Create a Unique Editorial Graphic with After Effects and Adobe Stock
It can be quite a challenge for designers and illustrators to continually create new and compelling visuals for a wide range of publications and social media platforms. By combining After Effects with Adobe Stock, you can quickly create stunning special effects that will help you visually tell a story.
Finding the right image on Adobe Stock
For this project, we need to create a graphic for an online story about deciphering ancient Egyptian hieroglyphics. The subheadline of the article will be Piecing together the past.
We’ll begin our search on Adobe Stock by entering a few keywords including “hieroglyphics,” “Egypt,” and “ancient.” In the filters area, I’ll also refine the search to include only photos and I’ll set the depth of field to the lowest setting to ensure the whole image is in focus.
Once I find the right image, I’ll save a preview image (with a watermark) to my Creative Cloud Library named Ancient Egypt. You can download as many preview images as you like, then immediately license a full-resolution image at any time — more on that later.
Applying special effects in After Effects
Create a new project in After Effects and make sure the Creative Cloud Libraries panel is open. Locate the image saved to the library (from the Adobe Stock website), right-click on it, and choose Add the Project. This will add a link to the asset in the Project panel.
Create a composition by dragging the image from the Project panel into the Composition panel. After Effects will create a composition that matches the dimensions of the image. Now we’re ready to add some special effects to the image.
Open the Effects & Presets panel in After Effects and search for the Shatter effect. This effect will break the image apart into 3D pieces — which will play nicely with the subheading of the article.
The Shatter effect, like some other effects, is animated by default. To see the effect animation, we’ll need to move the timeline playhead forward a few seconds. This effect also defaults to a wireframe view, so we’ll switch this in the Effect Controls panel to rendered. Now we’ll see the rendered effect in the Composition panel.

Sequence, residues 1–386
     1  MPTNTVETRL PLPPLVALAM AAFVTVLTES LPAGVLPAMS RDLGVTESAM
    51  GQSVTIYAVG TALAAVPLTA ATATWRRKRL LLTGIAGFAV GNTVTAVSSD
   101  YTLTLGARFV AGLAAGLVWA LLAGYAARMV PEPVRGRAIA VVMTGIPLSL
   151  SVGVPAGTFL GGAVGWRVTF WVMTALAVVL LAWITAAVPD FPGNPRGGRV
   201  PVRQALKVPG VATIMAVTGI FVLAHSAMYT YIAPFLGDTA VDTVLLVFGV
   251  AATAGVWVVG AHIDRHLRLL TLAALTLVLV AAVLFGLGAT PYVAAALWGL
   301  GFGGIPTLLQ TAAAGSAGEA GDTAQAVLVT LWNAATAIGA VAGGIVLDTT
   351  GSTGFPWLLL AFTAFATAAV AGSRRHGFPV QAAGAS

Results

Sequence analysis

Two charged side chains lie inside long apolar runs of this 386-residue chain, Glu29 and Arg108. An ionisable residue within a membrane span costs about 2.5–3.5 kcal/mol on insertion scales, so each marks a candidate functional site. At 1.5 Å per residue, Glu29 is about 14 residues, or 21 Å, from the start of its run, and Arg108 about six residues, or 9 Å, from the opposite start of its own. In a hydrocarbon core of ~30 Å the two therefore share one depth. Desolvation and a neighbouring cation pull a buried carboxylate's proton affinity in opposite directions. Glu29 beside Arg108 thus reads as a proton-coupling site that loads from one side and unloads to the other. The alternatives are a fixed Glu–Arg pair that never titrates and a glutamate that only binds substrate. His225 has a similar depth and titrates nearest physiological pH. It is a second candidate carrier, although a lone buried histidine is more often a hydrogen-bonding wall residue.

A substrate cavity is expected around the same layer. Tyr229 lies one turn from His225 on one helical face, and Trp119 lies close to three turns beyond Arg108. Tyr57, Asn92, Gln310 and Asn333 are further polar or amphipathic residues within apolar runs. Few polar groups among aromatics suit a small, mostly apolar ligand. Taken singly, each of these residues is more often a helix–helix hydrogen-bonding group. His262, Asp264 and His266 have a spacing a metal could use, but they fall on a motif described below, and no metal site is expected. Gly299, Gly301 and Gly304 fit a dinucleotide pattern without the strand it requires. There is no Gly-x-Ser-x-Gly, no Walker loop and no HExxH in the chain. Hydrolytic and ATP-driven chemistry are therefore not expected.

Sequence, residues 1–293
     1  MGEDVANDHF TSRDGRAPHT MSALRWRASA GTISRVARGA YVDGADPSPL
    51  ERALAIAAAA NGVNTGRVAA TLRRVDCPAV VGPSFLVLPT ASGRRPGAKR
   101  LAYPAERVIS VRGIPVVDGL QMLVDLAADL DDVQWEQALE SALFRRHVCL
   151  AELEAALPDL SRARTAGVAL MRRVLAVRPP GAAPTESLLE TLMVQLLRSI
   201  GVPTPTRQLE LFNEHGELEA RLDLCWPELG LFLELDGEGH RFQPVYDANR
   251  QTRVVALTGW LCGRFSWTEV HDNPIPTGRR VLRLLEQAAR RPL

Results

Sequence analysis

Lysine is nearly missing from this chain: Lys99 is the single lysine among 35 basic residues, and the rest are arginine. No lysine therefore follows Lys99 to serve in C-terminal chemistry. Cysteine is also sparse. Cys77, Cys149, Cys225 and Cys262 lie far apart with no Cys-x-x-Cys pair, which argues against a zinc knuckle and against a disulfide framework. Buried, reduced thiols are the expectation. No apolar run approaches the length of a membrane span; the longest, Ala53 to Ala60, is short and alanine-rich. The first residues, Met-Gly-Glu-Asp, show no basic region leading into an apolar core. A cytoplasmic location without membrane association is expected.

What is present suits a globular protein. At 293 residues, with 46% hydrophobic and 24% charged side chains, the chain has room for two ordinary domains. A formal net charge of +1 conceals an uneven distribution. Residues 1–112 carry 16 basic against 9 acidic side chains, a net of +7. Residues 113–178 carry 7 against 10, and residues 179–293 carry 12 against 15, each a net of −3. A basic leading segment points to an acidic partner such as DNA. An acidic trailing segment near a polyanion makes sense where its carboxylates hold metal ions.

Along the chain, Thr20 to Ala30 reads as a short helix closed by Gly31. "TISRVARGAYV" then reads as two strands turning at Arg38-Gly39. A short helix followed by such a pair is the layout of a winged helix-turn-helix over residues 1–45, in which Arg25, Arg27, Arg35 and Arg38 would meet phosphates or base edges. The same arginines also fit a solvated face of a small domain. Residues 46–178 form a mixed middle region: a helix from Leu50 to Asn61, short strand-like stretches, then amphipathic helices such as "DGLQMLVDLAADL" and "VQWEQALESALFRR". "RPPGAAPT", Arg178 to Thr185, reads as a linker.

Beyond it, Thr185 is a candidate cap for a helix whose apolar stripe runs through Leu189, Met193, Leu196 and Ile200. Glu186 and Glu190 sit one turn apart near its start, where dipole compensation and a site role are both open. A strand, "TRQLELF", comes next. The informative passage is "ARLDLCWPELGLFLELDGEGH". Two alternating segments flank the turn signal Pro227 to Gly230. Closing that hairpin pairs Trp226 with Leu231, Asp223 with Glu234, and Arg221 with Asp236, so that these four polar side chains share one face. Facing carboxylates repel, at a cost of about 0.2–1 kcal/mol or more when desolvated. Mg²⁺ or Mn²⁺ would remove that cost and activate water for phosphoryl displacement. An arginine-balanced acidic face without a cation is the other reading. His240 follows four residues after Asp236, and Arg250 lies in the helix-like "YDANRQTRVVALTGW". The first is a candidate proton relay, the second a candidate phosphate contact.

In order to match the storyline of the article, we’ll change the shape to puzzle, and adjust other properties to change the size, rotation, and lighting of the overall effect. Don’t be afraid to experiment, all of the effects in After Effects are nondestructive.
Quick and easy licensing
Once you are happy with your custom image, licensing is a snap! Locate the image in the Libraries panel, right-click on it, and choose License Image.
Your image is automatically licensed, and After Effects will replace the image in your composition. And the best part is that all adjustments and effects are applied to the newly licensed image.
Export your editorial graphic
There are a few ways you can export artwork from After Effects. For this example, we’ll export the image back to a layered transparent Photoshop file by selecting the Composition panel, then choosing Save Frame As > Photoshop Layers from the Composition menu.
Then, back in Photoshop, you can apply any additional color corrections, then export multiple-sized graphics for use in the final web article. Check out Photoshop + After Effects = Awesomeness for more options on exporting artwork from After Effects.
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